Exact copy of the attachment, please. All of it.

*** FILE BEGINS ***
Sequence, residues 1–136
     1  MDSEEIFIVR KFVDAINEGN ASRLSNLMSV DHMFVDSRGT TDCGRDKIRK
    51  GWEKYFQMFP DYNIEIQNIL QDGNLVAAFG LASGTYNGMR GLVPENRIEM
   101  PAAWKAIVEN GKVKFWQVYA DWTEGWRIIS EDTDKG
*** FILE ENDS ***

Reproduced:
Sequence, residues 1–136
     1  MDSEEIFIVR KFVDAINEGN ASRLSNLMSV DHMFVDSRGT TDCGRDKIRK
    51  GWEKYFQMFP DYNIEIQNIL QDGNLVAAFG LASGTYNGMR GLVPENRIEM
   101  PAAWKAIVEN GKVKFWQVYA DWTEGWRIIS EDTDKG